With its exposed bricks, arched doorways, and dim lighting, The Wine Room on Park Avenue evokes a medieval monastery. That may be why the sleek, Italian-made Enomatic wine dispenser, which controls bottle temperature and prevents oxidation, looks so much like a Star Trek?era gadget within the pleasantly rustic walls. With the push of a button, the metallic nozzles pour out precise 1-ounce sample-size, half-glass, or full-glass portions. To ensure spouts remain untainted from customer to customer, it cleans itself after every pour.
The Enomatic is one reason The Wine Room earned the title of Orlando's best wine bar from Orlando Magazine. The recently remodeled space now boasts additional seating, a new menu, and a new lineup of machines. Though the technology is impressive, the shop backs up their gadgetry with a staff of actual human wine connoisseurs. These friendly staffers help customers navigate the selection of 156 wines, and offer wine classes throughout the year. They can also recommend bottles to pair with The Wine Room's selection of cheeses, flatbreads, and yachts in need of christening.
From soup to suds to sandwiches, Shipyard Emporium’s menu settles tempestuous stomachs with home-crafted cuisine and fresh, locally sourced ingredients. Warm up food-intake valves with a bowl of clam chowder ($6) or lobster bisque ($8), both conjured from traditional recipes left behind by the lost civilization of Maine, before wrapping tonsils around a 10-inch flatbread pizza ($10) in styles ranging from roasted chicken with barbecue sauce to pot roast with crimini mushrooms and gorgonzola. Sandwiches arrive in the loving embrace of freshly baked bread, accompanied by a choice of potato salad, pasta salad, orzo, or potato chips. The Lake Rose drizzles orange-cranberry sauce over smoked turkey and brie on a hot ciabatta bun ($8) and the Rollie grills swiss, yellow cheddar, and herbed goat cheeses into a gooey Triforce of tastiness ($6). Frigate-size appetites load up a cargo of pan-roasted Atlantic salmon and coriander under an orange-blossom-honey glaze ($16).
Teaching hips to swivel to new circumferences, dance instructors impart their masterful moves unto students in the respected tradition Arthur Murray schools have upheld since 1912. Students can bring a partner to their lessons or fly solo and dance with the instructor. Protégés may find their new moves applicable in a number of settings, such as when prepping for a wedding dance or when blending into an airport crowd that breaks out in the cha-cha. Embodying the three-count time of a stately waltz brings partners in close, and rumba moves or swing steps add vibrancy and playfulness to a repertoire.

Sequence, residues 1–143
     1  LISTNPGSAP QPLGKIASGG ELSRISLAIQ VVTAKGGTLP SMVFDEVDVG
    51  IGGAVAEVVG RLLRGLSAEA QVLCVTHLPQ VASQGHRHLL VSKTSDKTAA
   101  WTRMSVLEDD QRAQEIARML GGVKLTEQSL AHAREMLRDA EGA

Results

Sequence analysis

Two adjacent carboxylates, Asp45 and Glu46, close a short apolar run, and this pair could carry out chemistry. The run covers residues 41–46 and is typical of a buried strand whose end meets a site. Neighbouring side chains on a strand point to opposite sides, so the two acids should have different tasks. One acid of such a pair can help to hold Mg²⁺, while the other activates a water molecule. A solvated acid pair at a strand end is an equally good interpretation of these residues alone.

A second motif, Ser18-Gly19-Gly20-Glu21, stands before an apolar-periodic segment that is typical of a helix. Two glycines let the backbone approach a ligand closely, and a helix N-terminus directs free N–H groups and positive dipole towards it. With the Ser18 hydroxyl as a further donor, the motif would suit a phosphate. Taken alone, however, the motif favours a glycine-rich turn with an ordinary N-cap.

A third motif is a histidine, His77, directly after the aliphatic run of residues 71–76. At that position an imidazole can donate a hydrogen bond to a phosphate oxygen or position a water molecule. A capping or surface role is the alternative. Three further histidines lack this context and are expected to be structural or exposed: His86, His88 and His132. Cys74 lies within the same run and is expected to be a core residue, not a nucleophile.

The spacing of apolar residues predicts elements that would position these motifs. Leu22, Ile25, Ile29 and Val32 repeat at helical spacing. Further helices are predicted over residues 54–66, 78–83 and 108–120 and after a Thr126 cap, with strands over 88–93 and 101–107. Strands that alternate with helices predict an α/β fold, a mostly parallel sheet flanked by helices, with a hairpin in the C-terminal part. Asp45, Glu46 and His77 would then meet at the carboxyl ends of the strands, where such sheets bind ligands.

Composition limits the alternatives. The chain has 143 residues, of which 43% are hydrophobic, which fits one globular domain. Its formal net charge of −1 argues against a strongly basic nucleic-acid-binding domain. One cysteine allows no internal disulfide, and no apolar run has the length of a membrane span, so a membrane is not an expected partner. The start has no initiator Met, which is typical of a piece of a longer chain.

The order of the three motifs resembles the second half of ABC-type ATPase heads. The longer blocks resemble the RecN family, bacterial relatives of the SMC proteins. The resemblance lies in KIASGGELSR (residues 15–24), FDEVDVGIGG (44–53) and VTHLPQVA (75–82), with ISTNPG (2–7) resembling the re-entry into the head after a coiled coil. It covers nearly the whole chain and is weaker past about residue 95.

The Winter Park studio provides a warm, aesthetically sound environment for engaging in private and group dance lessons. The full class schedule is well suited to teaching feet to slice and dice a rug until it is no longer recognizable.
While there's no exact English equivalent of the word "bodegón," it roughly translates to "tavern" or "wine cellar"⎯a place where neighbors and friends sip wine and share laughs over plates of Spanish tapas. So at El Bodegón, head chef Alexis Marinez uses his decade and a half of restaurant experience to whip up a menu featuring dishes from the Iberian peninsula, such as small plates of cheese and charcuterie, pan-seared chicken, grilled skirt steak, and light, flaky mahi and grouper. He also stocks imported wines and beers to pair with his food, to ensure an authentic dining experience. Far more than a trendy tapas joint, El Bodegón prides itself on its warm, family atmosphere and wealth of potential material for a heartwarming sitcom, with Alexis' sister Jackie Mendez and mother Nadine Lopez serving as co-owners and managers. As guests dig into pots of seafood or chicken paella and savor imported Spanish olives and Manchego cheese, musicians set a relaxing mood by strumming harps and classical guitars, while clay tile floors, brick walls, and arch-bordered alcoves exude a charming, rustic air.
Equipped with in-depth product knowledge and bottles from all over the world, the consultants of PRP Wine International waltz into homes ready to answer nearly any question a novice oenophile may have. As they pour samples for small groups, they explain everything from the intricacies of flavor profiles and the correct pronunciation of “pinot noir” to the most dramatic way to throw a glass of red at a mortal enemy. After tastings, guests can select any of the wine varietals sampled, all of which are chosen by PRP consultants after thorough scrutiny.
Though the days of secretive drinking during Prohibition are long gone, secrets still abound during Speak Easy Sundays at The Hourglass Brewery. By whispering each Sunday?s password to the bartender, patrons gain access to discounted craft beers until 11 p.m. and get their name added to J. Edgar Hoover?s enemy list. Other drink specials are available throughout the week, when libations from top craft breweries like Dogfish Head and Lost Coast flow from taps and bottles. Of course, Hourglass also supplies brews made in-house, from traditionally hoppy IPAs to ales flavored with butternut squash and cinnamon. Food trucks complement the pours every Friday; in upcoming months, Hourglass? taproom will even share space with Pape Bee?s and Wako Taco.